I’ve talked before about the Folkways album, which had Jesus Christ on it and led me to several steps of discovery, from Woody Guthrie to Jack Kerouac. It had a lot of interesting stuff, and led in a lot of different directions.
I like Jesus Christ, it’s done as a bouncy tune, they sound like they’re having fun with it. It’s got a message that resonates with a lot of U2 music, the story of Jesus and how he would be accepted in today’s society. There are a lot of people who speak the words of Jesus but don’t live those words, and when the song accuses the bankers and the preachers, they’re hitting the nail right on the head.
Folkways was interesting, as I said it exposed me to both Guthrie and Leadbelly and their music, but also to the people who recorded the songs for the album. I went and listened to music from people like Dylan, Springsteen and Little Richard with a different perspective after hearing them on the album. I also went and got a lot of music from the original versions, and followed them down some different paths. It surprises me to listen to some of these songs and then read about the trials and tribulations these guys went through to be able to record their music. It’s fantastic stuff, and I guess you do have to experience some really hard times to be able to write these songs.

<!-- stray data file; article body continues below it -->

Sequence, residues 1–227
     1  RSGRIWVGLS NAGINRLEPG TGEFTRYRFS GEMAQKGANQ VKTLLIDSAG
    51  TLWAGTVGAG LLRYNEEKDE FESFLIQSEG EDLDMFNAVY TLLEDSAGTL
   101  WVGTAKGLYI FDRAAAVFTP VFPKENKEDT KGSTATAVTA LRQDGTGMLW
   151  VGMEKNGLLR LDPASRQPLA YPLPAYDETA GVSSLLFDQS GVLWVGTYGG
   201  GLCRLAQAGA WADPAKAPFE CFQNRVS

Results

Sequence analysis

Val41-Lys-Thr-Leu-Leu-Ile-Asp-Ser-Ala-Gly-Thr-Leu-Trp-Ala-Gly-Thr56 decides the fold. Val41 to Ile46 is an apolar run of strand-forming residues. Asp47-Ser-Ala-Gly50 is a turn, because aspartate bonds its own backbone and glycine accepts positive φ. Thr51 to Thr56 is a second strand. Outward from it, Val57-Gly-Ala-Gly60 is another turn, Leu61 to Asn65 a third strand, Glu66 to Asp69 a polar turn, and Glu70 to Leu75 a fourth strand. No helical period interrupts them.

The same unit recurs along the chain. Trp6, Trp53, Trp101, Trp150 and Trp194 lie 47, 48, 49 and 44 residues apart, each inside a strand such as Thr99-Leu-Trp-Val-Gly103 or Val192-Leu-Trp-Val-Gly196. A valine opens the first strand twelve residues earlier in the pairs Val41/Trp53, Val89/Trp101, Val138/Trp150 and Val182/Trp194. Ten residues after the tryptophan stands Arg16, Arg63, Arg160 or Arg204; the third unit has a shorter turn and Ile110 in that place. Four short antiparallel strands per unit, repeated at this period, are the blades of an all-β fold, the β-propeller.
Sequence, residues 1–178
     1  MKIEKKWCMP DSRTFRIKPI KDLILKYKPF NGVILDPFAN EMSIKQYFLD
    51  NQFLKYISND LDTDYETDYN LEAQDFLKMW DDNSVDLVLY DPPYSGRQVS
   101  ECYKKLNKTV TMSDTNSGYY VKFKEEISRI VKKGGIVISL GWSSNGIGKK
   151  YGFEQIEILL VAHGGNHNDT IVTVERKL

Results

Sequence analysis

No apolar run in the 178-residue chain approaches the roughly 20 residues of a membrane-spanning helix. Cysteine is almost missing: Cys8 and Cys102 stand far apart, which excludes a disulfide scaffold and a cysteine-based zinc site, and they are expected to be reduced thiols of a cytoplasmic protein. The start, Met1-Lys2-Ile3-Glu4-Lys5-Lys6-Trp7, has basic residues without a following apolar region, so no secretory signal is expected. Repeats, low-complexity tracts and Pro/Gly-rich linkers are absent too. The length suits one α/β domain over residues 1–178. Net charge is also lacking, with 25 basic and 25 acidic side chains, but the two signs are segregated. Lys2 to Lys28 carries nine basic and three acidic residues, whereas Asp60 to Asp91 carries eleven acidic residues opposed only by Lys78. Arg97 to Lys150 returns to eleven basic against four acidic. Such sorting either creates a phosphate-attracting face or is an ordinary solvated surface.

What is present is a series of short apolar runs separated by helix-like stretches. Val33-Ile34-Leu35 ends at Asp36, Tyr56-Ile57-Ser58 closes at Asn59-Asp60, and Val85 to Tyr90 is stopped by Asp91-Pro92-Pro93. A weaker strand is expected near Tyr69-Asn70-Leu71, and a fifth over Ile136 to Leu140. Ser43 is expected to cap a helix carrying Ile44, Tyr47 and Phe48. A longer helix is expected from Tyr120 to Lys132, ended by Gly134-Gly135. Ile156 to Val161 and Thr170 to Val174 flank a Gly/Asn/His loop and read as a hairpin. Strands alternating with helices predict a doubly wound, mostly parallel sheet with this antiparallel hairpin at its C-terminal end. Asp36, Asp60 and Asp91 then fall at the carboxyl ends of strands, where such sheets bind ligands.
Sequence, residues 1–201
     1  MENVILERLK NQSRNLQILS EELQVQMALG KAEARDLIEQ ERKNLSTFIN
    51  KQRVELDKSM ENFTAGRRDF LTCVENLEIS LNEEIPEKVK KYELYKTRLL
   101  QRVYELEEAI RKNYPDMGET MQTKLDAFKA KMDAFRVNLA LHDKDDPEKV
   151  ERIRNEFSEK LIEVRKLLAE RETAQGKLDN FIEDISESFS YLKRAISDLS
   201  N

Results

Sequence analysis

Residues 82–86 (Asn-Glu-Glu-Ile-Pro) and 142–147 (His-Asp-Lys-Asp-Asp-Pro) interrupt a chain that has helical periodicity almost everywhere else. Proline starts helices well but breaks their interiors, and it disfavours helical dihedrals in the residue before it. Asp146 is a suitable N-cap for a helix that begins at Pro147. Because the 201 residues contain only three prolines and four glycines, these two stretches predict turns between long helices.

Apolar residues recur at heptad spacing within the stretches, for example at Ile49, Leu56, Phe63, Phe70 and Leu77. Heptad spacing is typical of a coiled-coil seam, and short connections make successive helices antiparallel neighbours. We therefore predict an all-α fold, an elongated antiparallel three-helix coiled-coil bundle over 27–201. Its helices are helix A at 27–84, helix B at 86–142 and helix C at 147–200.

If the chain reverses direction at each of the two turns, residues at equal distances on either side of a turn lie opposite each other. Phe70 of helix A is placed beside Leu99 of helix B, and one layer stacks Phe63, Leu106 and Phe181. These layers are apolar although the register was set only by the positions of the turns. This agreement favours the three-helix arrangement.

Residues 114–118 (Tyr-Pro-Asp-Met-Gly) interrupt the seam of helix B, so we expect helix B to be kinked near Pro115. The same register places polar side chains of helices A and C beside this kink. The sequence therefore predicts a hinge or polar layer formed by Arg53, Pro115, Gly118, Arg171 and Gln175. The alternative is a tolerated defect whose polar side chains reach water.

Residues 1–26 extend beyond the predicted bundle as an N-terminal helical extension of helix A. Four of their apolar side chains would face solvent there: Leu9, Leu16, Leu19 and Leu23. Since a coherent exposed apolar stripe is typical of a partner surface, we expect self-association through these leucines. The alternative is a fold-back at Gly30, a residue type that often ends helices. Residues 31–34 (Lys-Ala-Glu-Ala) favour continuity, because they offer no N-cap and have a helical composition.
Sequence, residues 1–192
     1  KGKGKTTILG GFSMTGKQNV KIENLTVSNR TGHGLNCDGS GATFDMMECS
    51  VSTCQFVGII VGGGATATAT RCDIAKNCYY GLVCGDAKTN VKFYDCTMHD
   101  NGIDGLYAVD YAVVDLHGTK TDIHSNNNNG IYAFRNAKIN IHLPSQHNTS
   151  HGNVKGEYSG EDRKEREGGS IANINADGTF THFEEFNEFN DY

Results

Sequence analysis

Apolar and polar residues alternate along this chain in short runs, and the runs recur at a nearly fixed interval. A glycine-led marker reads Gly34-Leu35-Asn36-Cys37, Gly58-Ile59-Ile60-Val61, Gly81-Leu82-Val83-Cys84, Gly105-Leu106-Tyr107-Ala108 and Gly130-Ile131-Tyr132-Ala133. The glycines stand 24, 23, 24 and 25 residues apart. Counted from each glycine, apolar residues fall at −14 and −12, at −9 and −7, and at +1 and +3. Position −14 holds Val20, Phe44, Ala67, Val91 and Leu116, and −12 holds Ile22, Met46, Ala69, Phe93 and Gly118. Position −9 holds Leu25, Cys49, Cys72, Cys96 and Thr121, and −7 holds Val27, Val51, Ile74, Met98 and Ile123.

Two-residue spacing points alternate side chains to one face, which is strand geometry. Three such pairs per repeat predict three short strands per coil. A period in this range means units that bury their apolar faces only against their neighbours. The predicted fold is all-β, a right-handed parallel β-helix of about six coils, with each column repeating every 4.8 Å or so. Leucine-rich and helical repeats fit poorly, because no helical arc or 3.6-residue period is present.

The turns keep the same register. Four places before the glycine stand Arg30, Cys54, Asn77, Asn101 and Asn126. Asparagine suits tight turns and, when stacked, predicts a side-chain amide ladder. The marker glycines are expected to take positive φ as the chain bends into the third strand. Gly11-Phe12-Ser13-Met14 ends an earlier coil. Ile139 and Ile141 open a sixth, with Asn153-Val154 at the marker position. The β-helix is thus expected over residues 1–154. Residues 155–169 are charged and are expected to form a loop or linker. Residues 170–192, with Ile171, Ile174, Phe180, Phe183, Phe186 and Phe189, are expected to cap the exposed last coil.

Pretty Boy Floyd is perhaps my favorite song from the album, I guess I should say in the original version, not the one that appeared on the album. I have it on my phone, it’s a powerful song that I enjoy listening to when it comes on. I think I like a lot of protest music, much of it seems to come more from the heart than other music (especially the stuff of today, which is teenagers singing love songs, when they don’t even know what love is). I also like Goodnight, Irene, the version by Brian Wilson this time. And everybody knows This Land Is Your Land, I’ve even seen calls for it to be the national anthem, although you know when people actually sit down and listen to it, it’s one of those songs that has a much different meaning to what people think.
I guess I’ve talked a lot more about the album than about U2’s contribution to it. That’s probably because the U2 part was just the gateway for me, and you can describe the gate as much as you want but it’s more interesting to step through and see what’s on the other side. It’s important, too, because it does show that I’m not just a U2 fan, and also the impact that a band like U2 can have just by covering someone else’s music and getting their fans interested. I suspect a cover by U2 might drive quite a few sales of original music, and, just like in Rattle & Hum, start some journeys of discovery that can end up in many a different place.
My rating for Jesus Christ: 5 / 10